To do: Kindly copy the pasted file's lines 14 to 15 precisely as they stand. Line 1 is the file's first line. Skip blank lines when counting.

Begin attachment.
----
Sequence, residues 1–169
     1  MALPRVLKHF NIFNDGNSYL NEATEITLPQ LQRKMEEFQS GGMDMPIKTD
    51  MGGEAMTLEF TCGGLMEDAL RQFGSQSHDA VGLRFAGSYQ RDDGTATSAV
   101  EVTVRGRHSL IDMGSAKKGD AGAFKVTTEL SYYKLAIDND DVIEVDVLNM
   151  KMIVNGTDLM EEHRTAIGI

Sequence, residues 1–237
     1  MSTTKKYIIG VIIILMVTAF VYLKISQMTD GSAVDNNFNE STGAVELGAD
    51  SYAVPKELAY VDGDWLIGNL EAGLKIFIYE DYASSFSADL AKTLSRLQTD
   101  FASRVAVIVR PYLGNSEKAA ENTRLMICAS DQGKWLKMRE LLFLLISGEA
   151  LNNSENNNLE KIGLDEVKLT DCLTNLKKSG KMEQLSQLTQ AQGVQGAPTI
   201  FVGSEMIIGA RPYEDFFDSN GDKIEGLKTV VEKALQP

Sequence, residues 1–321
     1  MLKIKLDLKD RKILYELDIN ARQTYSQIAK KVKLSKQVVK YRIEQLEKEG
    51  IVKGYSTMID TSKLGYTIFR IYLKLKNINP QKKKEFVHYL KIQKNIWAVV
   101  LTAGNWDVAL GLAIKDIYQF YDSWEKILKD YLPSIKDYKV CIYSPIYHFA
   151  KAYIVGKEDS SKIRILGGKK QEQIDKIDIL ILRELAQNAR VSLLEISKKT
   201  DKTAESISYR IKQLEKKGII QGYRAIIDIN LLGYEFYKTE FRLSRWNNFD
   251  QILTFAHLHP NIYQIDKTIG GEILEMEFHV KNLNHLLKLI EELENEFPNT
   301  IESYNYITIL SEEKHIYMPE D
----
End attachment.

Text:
    51  IVKGYSTMID TSKLGYTIFR IYLKLKNINP QKKKEFVHYL KIQKNIWAVV
   101  LTAGNWDVAL GLAIKDIYQF YDSWEKILKD YLPSIKDYKV CIYSPIYHFA